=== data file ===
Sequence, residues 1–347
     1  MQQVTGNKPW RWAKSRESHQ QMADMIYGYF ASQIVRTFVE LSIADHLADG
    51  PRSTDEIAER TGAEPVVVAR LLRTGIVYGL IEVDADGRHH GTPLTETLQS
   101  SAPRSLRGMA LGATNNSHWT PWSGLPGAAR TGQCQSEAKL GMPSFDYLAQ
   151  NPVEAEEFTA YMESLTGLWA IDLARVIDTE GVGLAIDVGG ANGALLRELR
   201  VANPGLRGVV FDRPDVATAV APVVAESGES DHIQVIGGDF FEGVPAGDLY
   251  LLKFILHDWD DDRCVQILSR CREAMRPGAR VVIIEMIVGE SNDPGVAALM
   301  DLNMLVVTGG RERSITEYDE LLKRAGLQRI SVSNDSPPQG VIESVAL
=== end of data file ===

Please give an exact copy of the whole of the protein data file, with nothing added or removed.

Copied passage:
Sequence, residues 1–347
     1  MQQVTGNKPW RWAKSRESHQ QMADMIYGYF ASQIVRTFVE LSIADHLADG
    51  PRSTDEIAER TGAEPVVVAR LLRTGIVYGL IEVDADGRHH GTPLTETLQS
   101  SAPRSLRGMA LGATNNSHWT PWSGLPGAAR TGQCQSEAKL GMPSFDYLAQ
   151  NPVEAEEFTA YMESLTGLWA IDLARVIDTE GVGLAIDVGG ANGALLRELR
   201  VANPGLRGVV FDRPDVATAV APVVAESGES DHIQVIGGDF FEGVPAGDLY
   251  LLKFILHDWD DDRCVQILSR CREAMRPGAR VVIIEMIVGE SNDPGVAALM
   301  DLNMLVVTGG RERSITEYDE LLKRAGLQRI SVSNDSPPQG VIESVAL